Digital Humanities: Digital Humanities Advancement Grants

Period of Performance

1/1/2022 - 12/31/2024

Funding Totals

$324,573.00 (approved)
$324,573.00 (awarded)

Tribesourcing Southwest Film: Digital Repatriation

FAIN: HAA-284912-22

Arizona Board of Regents (Tucson, AZ 85721-0073)
Jennifer Lei Jenkins (Project Director: June 2021 to present)

A series of workshops in Arizona, New Mexico, and California and the development of a digital curriculum on the creation of culturally-appropriate descriptive metadata and narration for Native American films based on the Tribesourcing Southwest Film website.

Tribesourcing Southwest Film digitally repurposes a collection of midcentury educational and sponsored films about Native peoples of the Southwestern U.S., reclaiming visual content through recording culturally-informed alternate audio tracks voiced by Native narrators from within the cultures represented. This process, which we have termed “tribesourcing,” has the double benefit of repatriating historic images and decolonizing these archival films, visible at In this proposal, we seek to extend the project by: recording additional narrations in Southern California, Arizona and New Mexico; developing a digital curriculum for workshops; and to begin decentralizing the project through a series of workshops to help communities who wish to do their own tribesourcing with their own archived audio-visual materials.

Media Coverage

Tribesourcing Project Receives New NEH Grant (Media Coverage)
Publication: University of Arizona College of Social & Behavioral Science
Date: 2/24/2022
Abstract: University announcement of new award.

Associated Products

Tribesourcing Southwest Film (Database/Archive/Digital Edition)
Title: Tribesourcing Southwest Film
Author: Melissa S. Dollman
Author: Jennifer L. Jenkins
Author: Rhiannon Sorrell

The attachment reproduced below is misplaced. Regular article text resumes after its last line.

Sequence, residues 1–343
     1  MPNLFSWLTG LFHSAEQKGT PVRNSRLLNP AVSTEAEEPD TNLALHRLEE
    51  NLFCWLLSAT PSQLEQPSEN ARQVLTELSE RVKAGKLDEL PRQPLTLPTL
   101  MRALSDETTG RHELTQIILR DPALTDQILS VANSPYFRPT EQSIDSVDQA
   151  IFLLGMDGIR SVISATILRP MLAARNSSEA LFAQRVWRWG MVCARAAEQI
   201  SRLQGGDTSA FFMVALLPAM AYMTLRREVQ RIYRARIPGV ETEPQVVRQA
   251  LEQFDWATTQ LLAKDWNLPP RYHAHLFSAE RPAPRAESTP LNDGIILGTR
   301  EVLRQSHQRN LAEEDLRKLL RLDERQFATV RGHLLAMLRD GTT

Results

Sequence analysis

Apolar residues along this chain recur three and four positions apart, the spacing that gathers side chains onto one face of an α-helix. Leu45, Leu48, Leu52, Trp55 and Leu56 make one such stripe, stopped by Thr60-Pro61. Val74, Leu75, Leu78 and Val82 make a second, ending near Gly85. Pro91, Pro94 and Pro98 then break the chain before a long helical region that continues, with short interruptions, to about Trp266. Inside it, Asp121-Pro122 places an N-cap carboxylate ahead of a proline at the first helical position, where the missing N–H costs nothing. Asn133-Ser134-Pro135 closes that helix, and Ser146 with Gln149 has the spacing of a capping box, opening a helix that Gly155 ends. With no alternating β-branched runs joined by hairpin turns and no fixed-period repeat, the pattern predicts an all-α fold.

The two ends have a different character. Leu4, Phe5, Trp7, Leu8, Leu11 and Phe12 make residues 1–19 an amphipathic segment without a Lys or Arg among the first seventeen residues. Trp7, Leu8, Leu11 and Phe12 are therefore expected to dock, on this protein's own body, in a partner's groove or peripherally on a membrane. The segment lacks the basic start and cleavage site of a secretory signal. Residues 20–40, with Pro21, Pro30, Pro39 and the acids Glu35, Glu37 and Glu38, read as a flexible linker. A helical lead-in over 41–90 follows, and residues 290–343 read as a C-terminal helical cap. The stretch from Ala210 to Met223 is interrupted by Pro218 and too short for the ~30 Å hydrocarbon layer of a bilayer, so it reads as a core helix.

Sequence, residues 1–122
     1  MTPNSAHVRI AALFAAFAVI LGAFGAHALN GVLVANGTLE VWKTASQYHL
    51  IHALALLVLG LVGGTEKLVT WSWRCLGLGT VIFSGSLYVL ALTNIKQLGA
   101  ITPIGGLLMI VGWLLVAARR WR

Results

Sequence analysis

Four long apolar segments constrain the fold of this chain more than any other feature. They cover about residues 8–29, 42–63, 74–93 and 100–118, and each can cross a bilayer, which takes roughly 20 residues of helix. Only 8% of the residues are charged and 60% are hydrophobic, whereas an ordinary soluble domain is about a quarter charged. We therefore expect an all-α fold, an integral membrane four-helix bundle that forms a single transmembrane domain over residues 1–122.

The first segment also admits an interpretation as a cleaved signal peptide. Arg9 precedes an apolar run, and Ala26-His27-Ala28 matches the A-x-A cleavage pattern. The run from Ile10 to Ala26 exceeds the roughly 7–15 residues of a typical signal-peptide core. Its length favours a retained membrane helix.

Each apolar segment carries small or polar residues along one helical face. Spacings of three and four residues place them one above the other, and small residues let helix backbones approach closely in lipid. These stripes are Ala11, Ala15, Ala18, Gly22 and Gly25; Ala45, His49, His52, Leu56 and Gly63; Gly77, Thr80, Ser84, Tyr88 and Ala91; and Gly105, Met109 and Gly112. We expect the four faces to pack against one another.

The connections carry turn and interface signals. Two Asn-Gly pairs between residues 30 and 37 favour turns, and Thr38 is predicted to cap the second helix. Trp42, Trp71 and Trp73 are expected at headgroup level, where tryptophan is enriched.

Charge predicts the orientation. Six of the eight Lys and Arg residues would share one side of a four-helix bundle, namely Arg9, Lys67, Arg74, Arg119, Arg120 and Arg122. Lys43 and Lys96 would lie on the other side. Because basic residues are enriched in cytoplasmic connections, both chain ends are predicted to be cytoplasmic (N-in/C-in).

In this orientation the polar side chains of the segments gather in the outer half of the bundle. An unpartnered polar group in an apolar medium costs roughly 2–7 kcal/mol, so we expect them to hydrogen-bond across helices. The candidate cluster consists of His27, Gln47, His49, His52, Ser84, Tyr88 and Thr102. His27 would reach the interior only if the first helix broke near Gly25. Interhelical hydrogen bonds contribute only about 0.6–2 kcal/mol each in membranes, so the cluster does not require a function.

Abstract: Based on the collection of nearly 500 films in the American Indian Film Gallery housed at the University of Arizona, this project tribesources mid-20th century educational and sponsored films about Native peoples of the U.S. Southwest and (coming soon!) Southern California by recording Native narrations and contextual information for film content from the Native communities they represent. The films contain valuable historical visual imagery, but the original narrations are often inaccurate and culturally uninformed. Tribesourcing places historical materials with the peoples they represent in order to tell the untold or suppressed story. As we have conceived it, tribesourcing is guided by the Protocols for Native American Archival Materials (2006).
Year: 2019
Primary URL:
Access Model: Open


Innovation Award
Date: 11/12/2020
Organization: National Digital Stewardship Alliance/Digital Library Federation

Tribesourcing Southwest Film, Polyphonic Communities Exhibition, Finger Lakes Environmental Film Festival (Exhibition)
Title: Tribesourcing Southwest Film, Polyphonic Communities Exhibition, Finger Lakes Environmental Film Festival
Curator: Patricia Zimmerman
Abstract: Each of these projects mobilizes the idea of polyphony by featuring a multiplicity of voices, topics, and practices with vastly different methods and approaches. The featured collaborative and participatory projects from India, Canada, and Indigenous nations in the US show ways of how to think beyond the auteur towards new kinds of media organizations and practices to bring new knowledges to the forefront. Tribesourcing Southwest Film offers a resource adding contemporary narrations to mid-twentieth century educational and sponsored films produced by Indigenous communities and now archived in the University of Arizona library. These new narratives are designed to counter inaccuracies and cultural biases in the original narrations. The project is supported by a grant from the National Endowment for the Humanities, the University of Arizona, and “wisdom from our tribal partners.” Tribesourcing Southwest Film works to locate community-vetted narrators for films. To date, 16 films have been re-narrated, including works by Navajo/Diné, by Apache/Inde (Ndee), and Akimel O’odham/Pima. Other communities whose films are part of the collection include Cahuilla, Havasupai/Supai, Hopi, Navajo/Diné, Pueblo/Puebloan, Tohono O’odham/Papago, Yokut, as well as those that are Intertribal/Pan-Indian. Work is done according to the Protocols for Native American Archival Materials (2006).
Year: 2023
Primary URL: